• the impact upon clients, customers, employees and “the bottom-line”
  • budget to identify, measure, manage and monitor on an ongoing basis
  • reduced ROI on assets and facilities or increased insurance/risk management outlay
  • reduce business capabilities &/or become less flexible (lose competitive advantage!?)

“I wouldn’t give a nickel for the simplicity on this side of complexity, but I would give my life for the simplicity on the other side of complexity”                                                                                               – Einstein

In previous posts I have made reference (and provided links) to reports by, such as, IBM, McKinsey, PwC, Economist Intelligence Unit (EIU) – on behalf of RBS, KPMG and  AT Kearney, each spelling out WHY COMPLEXITY IS SUCH A MAJOR ISSUE for modern business!

It is reassuring to now see that business’ are being recognised as “systems” operating within inter-connected ecosystems and networks. As a result the “Economic domain” is beginning to benefit from a the lessons learnt in a wide range of inter-disciplinary scientific fields…and can build resilience across domains, rather than destroy it.

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Economist Intelligence Unit: New complexity research


HOT OFF THE PRESS!

The complexity bandwagon just keeps rolling along. Hard on the heels of a report on Complexity from KPMG here are the latest findings – see Executive Summary below.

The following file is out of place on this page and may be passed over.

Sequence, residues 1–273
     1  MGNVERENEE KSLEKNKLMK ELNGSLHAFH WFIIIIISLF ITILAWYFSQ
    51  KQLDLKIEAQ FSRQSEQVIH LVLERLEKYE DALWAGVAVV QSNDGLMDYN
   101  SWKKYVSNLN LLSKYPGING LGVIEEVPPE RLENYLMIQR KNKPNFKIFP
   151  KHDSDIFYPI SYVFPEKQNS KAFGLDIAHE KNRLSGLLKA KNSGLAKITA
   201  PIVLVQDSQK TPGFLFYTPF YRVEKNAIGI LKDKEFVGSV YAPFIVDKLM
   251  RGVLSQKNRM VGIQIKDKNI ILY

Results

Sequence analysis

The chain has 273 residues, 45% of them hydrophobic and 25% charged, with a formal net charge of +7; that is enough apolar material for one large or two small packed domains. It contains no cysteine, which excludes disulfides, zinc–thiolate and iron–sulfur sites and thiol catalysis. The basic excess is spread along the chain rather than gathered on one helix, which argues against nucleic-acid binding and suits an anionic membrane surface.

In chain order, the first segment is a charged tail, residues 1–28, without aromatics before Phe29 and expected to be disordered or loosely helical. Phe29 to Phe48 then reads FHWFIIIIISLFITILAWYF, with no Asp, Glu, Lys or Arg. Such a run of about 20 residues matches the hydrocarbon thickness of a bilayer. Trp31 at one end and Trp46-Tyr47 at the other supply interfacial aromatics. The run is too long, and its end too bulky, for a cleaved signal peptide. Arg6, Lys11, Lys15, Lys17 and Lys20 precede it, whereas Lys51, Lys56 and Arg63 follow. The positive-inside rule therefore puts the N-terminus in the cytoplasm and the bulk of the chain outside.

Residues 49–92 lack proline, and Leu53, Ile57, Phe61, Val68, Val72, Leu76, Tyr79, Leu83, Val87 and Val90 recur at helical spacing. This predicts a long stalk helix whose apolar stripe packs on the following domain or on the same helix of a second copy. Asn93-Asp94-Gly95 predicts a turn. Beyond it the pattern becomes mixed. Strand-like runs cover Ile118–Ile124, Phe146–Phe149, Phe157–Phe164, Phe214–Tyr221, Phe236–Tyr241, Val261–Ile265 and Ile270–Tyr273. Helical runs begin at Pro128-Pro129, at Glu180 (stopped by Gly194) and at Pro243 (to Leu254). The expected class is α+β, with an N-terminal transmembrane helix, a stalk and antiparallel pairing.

If you find the video and summary interesting but, perhaps, “woolly” or a bit light on practical, quantitative, solutions we will be delighted to help.

At Ontonix we offer a clear, concise, definition and rigorously tested scientific solutions to this important topic that others appear content to approach from a qualitative angle. It certainly gives the impression of being more about marketing based upon COMPLEXITY, quite rightly, being identified as a major issue for modern business in an inter-connected global society.

Alternatively, if this is your preferred version of complexity or you are content to read about it rather than take decisive action, I will provide you with a full copy of this report along with those of KPMG, IBM, McKinsey and AT Kearney. Just drop me an email:david@ontonix.com Hopefully I can be more of a help than that!

Executive Summary

How severely is increasing complexity affecting businesses? The Economist Intelligence Unit conducted a global survey of 300 senior executives to ascertain the level of this challenge, as well as the causes and impact of it. This report also looks at what firms are doing to tackle the complexity.

The main findings from the research are as follows.

Doing business has become more complex since the global financial crisis. An overwhelming majority of survey respondents (86%) think that business has become more complex in the past three years. While 28% say doing business has become “substantially” more complex in this period, 58% say complexity has “somewhat” increased. Among sectors, complexity seems to be of greatest concern in technology and telecommunications, with 41% of respondents from this sector flagging it as a clear and present challenge.

Firms are finding it increasingly hard to cope with the rise in complexity. Just over a quarter of respondents (26%) describe their firm as “complex and chaotic” but just one in five say they would have described their firms this Read more of this post